Turkish journalist tried for espionage and treason claims men and women are compartmentalized in public life in Turkey
On 12 August 2016, Can Dundar, a Turkish journalist tried for espionage and treason who recently resigned from his job as editor-in-chief of the opposition daily Cumhuriyet and went to Germany, gave an interview to the German daily newspaper Berliner Zeitung.
Dundar told the interviewer that men and women are compartmentalized in public places in Turkey. “Men and women are being gradually compartmentalized in restaurants, buses and beaches. There was no such thing in Turkey before.”
It remained unclear what the source of Dundar’s claim was.
As a matter of fact, there is no official declaration ordering such compartmentalization in public places. All public places and public transportation vehicles are accessible to every Turkish citizen and no citizen was ever reported to have been forced out of, or not let in, a public place or public transportation vehicle because of his/her gender.
Since restaurants are privately owned businesses, they are legally entitled to choose whether or not they implement gender compartmentalization. However, gender-based compartmentalization in restaurants is strikingly rare due to an observed lack of social demand. State-owned restaurants run by municipalities are also mixed.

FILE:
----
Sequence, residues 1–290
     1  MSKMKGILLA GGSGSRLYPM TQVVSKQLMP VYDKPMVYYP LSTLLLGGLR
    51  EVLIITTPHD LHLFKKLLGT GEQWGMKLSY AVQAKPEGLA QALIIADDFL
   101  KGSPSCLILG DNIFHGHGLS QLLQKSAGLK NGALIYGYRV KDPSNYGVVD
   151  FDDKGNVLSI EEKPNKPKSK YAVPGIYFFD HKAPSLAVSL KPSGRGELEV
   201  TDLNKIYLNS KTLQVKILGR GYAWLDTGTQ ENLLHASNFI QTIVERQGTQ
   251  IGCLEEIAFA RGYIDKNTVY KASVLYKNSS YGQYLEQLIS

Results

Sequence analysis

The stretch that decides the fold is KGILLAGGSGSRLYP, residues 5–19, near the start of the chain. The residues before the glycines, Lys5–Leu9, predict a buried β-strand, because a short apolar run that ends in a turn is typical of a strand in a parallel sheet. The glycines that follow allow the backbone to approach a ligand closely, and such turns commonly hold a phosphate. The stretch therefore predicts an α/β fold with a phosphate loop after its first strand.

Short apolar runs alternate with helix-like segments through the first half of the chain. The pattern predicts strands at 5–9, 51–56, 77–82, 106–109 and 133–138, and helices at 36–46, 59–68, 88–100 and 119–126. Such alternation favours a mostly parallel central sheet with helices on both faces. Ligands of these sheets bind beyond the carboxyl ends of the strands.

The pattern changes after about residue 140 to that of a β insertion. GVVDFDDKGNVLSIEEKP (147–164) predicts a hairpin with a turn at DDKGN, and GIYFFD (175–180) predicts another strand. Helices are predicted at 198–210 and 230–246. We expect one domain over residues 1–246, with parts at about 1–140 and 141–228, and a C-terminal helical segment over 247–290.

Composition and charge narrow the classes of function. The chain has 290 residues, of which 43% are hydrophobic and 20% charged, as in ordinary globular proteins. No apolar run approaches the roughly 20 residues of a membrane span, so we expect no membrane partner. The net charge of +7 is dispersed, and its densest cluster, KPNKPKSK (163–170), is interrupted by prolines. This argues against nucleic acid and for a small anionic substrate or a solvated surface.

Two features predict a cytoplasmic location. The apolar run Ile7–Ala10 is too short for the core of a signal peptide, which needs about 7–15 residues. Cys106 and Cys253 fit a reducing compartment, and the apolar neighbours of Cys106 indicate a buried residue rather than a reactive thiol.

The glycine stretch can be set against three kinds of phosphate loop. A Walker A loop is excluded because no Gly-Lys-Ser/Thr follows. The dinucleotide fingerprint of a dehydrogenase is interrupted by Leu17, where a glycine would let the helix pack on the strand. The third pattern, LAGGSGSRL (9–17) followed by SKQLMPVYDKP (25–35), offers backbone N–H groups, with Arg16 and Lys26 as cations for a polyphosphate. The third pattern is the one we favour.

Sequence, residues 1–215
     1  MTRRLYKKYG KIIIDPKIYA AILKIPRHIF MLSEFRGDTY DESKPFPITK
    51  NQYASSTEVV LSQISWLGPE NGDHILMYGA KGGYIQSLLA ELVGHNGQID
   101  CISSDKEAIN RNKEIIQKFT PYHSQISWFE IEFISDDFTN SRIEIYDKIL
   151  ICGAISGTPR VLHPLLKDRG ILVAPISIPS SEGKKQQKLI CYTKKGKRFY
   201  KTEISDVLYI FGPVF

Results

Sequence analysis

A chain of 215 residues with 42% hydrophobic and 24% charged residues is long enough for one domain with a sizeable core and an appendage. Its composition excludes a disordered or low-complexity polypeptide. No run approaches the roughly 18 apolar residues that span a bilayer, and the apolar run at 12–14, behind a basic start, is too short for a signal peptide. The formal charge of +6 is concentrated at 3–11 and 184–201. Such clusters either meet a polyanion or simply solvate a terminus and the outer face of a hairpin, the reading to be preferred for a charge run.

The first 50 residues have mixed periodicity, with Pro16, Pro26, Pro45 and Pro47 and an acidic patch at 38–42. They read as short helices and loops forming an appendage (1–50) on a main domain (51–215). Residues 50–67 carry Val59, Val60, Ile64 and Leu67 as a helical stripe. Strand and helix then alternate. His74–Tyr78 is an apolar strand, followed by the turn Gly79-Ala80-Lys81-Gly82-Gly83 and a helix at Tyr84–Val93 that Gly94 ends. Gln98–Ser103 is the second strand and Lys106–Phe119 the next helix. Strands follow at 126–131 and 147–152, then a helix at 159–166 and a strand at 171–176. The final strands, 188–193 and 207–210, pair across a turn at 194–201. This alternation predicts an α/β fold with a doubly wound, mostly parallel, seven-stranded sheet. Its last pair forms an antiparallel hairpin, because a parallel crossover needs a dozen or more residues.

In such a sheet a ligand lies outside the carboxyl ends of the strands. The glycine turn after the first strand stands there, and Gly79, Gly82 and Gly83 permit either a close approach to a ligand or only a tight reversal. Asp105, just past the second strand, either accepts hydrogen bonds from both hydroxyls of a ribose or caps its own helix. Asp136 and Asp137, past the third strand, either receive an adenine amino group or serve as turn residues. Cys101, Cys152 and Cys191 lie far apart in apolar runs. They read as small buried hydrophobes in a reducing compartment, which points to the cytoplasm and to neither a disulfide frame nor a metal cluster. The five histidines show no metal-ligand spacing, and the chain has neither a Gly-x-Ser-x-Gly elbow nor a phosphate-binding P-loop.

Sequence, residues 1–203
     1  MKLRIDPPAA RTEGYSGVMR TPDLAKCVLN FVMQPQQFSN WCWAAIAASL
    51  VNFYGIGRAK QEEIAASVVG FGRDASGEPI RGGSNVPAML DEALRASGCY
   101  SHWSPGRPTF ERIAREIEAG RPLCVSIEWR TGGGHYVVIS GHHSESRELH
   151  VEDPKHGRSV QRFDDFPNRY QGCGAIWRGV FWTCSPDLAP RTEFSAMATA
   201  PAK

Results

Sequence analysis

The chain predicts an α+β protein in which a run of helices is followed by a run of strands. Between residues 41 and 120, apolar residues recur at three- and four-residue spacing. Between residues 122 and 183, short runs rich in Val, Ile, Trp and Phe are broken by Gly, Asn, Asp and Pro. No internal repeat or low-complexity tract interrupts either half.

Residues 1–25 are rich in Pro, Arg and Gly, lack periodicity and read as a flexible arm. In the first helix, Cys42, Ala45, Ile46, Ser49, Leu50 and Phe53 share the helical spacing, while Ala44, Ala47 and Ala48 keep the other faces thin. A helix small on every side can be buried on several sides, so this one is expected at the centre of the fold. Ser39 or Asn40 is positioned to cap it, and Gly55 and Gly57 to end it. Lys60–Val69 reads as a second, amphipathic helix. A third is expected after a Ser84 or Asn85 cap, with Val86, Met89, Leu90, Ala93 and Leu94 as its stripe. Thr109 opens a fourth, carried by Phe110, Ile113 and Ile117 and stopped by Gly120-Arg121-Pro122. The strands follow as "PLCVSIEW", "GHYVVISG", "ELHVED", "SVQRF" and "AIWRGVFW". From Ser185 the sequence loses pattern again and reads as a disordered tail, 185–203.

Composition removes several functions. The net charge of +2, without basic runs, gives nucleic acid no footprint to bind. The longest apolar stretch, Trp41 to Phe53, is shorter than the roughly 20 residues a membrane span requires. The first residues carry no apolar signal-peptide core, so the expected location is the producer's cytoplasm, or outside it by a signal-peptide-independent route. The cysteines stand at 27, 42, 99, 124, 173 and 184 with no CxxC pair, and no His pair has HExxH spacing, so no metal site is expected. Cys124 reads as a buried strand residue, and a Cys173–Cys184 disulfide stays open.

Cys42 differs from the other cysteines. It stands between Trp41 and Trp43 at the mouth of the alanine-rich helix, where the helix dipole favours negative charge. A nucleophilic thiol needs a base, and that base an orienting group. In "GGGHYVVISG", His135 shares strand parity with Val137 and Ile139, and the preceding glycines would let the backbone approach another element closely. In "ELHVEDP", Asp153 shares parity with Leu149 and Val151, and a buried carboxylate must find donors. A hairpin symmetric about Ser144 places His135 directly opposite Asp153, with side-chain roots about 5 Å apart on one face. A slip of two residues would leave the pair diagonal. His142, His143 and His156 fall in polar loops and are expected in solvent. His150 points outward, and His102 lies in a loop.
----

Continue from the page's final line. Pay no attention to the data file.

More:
Public beaches are likewise mixed and no one was ever reported to have been forced out of, or not let in, a public beach because of his/her gender. There are a few women-only beaches in Turkey and all of them are also privately owned.
Women-only beaches are not specific to Turkey or majority-Muslim countries. Italy also has two of them. An Italian newspaper said, "the woman-only beach reflected a growing demand for female rights in Italy.” One woman called the other women-only beach “an oasis of calm”.
Another claim Dundar put forward was that drinking alcohol in public in Turkey is forbidden, adding that Islam is the reason: “It is not possible to drink in public in Turkey anymore except in [a few cities such as] Ankara, Izmir and Istanbul. This is Islam.”
However, public alcohol consumption is constitutionally legal in Turkey. Only in nine cities such as Kayseri, Bilecik and Rize is drinking in public forbidden. Governorates of cities are able to take measures of this kind to protect public security and peace.